Rates as of 05:00 GMT
Finally, a “risk on” day: stocks are up almost across Asia (except for a few, notably India), in some cases sizably (notably KOSPI +8.6% and Nikkei +7.1%). The S&P 500 is indicated +4.4%.
In the FX market, it’s also a traditional “risk on” day, with AUD and NZD soaring and JPY falling. USD is slightly weaker and EUR slightly higher, also the usual for a moderate “risk on” day (a big “risk on” day might see EUR/USD carry trades put on that would push EUR/USD lower). Even silver and oil rallied. Odd that precious metals now rally on “risk on,” but “risk off” is now associated with total deleveraging and selling everything.
The source of the change of direction is reports that the US Senate is close to agreeing on a $2tn rescue package for the US economy. I haven’t seen any of the details of the changes in the bill, but given that it’s basically written by the Republicans, I’m still worried that it bails out companies, not individuals, and bails them out without requiring sufficient restrictions and payback (such as not using the money to pay out bonuses to executives or buy back stock, for example). So far what I’ve seen of their plan suggests that it would do little to cushion the blow to households and prevent a wave of business failures that would weaken the ability of the economy to recover after this was all over.
The counter-proposal from the Democratic-controlled House of Representatives is much better. First off it’s larger ($2.5tn) and includes payments to everyone who needs it – retirees and the unemployed would get $1.5k, while workers laid off or self-employed persons with no business would get $600 a week. The Fed would provide loans to allow borrowers to stop paying their mortgages for up to a year. It would also provide more money for healthcare costs. Loans to energy companies and the loathsome airlines would come with more onerous conditions. These are the kinds of provisions that are necessary to ensure that people can get through this crisis.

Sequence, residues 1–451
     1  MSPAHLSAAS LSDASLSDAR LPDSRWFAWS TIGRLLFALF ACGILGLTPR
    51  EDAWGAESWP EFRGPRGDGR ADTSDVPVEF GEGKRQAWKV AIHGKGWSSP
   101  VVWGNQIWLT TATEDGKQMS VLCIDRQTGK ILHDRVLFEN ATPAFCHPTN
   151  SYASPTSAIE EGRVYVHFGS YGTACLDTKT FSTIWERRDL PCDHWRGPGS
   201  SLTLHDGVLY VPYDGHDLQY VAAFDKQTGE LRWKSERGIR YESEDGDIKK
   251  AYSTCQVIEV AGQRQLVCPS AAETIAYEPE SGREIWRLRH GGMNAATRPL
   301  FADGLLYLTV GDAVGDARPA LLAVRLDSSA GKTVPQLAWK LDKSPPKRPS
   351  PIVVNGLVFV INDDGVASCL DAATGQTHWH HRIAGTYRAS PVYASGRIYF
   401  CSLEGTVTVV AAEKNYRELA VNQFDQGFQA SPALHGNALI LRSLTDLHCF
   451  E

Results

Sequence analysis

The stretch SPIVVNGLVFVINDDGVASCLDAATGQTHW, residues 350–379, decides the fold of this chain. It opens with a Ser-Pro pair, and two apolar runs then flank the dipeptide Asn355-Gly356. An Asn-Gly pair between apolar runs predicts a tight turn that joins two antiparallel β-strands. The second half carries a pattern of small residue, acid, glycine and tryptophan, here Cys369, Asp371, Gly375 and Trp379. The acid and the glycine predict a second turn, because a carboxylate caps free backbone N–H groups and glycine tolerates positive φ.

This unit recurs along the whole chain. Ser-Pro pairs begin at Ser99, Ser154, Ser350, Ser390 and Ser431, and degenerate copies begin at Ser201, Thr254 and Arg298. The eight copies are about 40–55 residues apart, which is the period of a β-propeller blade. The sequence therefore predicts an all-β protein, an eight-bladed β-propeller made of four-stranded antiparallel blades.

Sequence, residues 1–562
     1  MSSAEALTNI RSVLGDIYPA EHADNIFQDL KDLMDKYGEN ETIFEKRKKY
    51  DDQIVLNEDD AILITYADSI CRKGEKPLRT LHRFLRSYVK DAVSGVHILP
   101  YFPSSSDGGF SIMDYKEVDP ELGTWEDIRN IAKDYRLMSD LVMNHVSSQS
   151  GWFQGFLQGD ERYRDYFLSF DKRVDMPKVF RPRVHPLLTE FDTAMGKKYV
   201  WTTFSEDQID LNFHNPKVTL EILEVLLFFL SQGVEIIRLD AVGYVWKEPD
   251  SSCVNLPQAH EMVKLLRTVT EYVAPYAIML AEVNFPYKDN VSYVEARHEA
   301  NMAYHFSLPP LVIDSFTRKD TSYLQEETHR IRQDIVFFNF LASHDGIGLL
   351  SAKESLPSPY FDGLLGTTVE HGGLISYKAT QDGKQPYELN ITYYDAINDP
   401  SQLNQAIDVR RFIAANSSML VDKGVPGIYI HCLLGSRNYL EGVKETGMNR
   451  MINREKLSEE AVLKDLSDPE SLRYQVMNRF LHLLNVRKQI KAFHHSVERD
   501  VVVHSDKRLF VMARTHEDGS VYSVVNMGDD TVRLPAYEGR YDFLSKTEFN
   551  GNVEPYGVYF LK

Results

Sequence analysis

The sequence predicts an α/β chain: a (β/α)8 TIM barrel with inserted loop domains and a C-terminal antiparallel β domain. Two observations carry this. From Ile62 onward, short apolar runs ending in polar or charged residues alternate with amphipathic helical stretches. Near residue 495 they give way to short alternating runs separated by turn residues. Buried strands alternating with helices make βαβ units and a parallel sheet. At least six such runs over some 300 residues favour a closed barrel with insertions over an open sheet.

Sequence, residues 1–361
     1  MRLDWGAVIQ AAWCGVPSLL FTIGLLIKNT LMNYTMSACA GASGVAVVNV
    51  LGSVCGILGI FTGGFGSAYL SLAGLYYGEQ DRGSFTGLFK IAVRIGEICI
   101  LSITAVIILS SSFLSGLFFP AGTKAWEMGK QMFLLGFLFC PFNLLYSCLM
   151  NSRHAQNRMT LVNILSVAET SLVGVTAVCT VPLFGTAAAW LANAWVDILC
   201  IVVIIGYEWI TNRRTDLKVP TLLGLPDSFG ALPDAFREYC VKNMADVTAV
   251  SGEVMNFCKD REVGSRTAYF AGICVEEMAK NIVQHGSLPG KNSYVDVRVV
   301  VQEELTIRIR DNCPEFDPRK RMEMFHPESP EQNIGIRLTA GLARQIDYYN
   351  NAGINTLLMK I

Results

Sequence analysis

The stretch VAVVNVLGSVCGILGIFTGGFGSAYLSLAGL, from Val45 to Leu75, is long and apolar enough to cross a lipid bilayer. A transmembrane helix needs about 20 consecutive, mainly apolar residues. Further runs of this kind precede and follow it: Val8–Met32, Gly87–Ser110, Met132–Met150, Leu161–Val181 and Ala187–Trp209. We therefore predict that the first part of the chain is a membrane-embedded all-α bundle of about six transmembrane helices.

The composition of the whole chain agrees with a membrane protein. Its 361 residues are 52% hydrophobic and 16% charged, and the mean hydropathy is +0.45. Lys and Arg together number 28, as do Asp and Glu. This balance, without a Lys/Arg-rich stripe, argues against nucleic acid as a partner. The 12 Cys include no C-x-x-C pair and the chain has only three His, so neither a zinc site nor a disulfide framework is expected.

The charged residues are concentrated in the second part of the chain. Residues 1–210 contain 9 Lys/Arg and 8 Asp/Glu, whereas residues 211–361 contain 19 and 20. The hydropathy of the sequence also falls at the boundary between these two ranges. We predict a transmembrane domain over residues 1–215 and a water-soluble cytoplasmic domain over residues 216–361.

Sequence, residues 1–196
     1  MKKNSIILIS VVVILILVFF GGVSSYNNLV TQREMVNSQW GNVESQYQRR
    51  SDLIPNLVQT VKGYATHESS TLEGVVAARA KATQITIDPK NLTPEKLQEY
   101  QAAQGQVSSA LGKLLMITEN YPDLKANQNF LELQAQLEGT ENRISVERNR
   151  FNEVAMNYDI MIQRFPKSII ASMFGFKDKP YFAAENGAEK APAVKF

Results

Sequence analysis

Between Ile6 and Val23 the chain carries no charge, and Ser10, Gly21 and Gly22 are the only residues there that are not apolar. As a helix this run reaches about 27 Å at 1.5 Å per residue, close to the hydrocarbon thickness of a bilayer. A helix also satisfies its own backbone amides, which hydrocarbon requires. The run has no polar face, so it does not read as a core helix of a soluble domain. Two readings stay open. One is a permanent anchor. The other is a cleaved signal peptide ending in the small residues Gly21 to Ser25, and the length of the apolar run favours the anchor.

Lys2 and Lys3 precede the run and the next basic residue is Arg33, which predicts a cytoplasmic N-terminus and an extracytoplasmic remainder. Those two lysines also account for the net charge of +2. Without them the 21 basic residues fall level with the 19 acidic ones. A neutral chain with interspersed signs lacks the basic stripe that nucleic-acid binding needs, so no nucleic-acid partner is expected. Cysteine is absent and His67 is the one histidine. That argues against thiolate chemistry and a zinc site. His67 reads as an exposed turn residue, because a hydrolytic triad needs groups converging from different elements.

This crisis should be treated as a medical emergency, not an economic emergency like in 2008. Like in any medical emergency, people should be able to take sick leave. The government should ensure that companies can keep workers on the payroll while this virus dies down. This is what they’re doing in Britain, for example, where the government will pay firms 80% of the salary of employees if companies keep them on the payroll. Similarly in Ireland, the government will pay people sick leave even if their companies don’t. That would keep the economic structure intact, just “hibernating” if you will, so that the economy can come back to life once everything is under control (as is starting to happen in China and South Korea).
The risk of a laissez faire response is that companies go bust and even after things are back to normal (if they ever are), thousands of businesses and millions of jobs will have disappeared permanently. It remains to be seen whether the US plan is up to the task, or whether it’s just another bail-out for companies that leaves workers twisting in the wind (e.g. by allowing many exemptions from the requirement to offer sick leave, as was the case last time I saw any details).
The news site Quartz has a frequently updated table of global stimulus plans. The US is by no means top of the list. The list also omits many countries, such as New Zealand, which yesterday announced a package worth some 10% of GDP, and South Korea, which just today announced a package worth KRW 100tn or 4.9% of GDP.
We may also be seeing the beginning of the impact of the Fed and other central banks’ actions in the market. For example, the Bank of Japan allocated almost $35bn to banks in a new daily seven-day swap auction, following last week’s $32bn in other auctions. This has alleviated a lot of the immediate funding pressure in USD/JPY, as shown by the narrowing of the short-term currency basis swap to narrow.
The ECB and Bank of England’s daily dollar swap auctions are also attracting few if any bidders and allocating only a few million dollars, vs several billion in previous weeks. That also suggests reduced funding pressures.
This morning we get the preliminary purchasing managers’ indices (PMIs) for the major industrial countries. This is the day that the data starts to catch up with reality.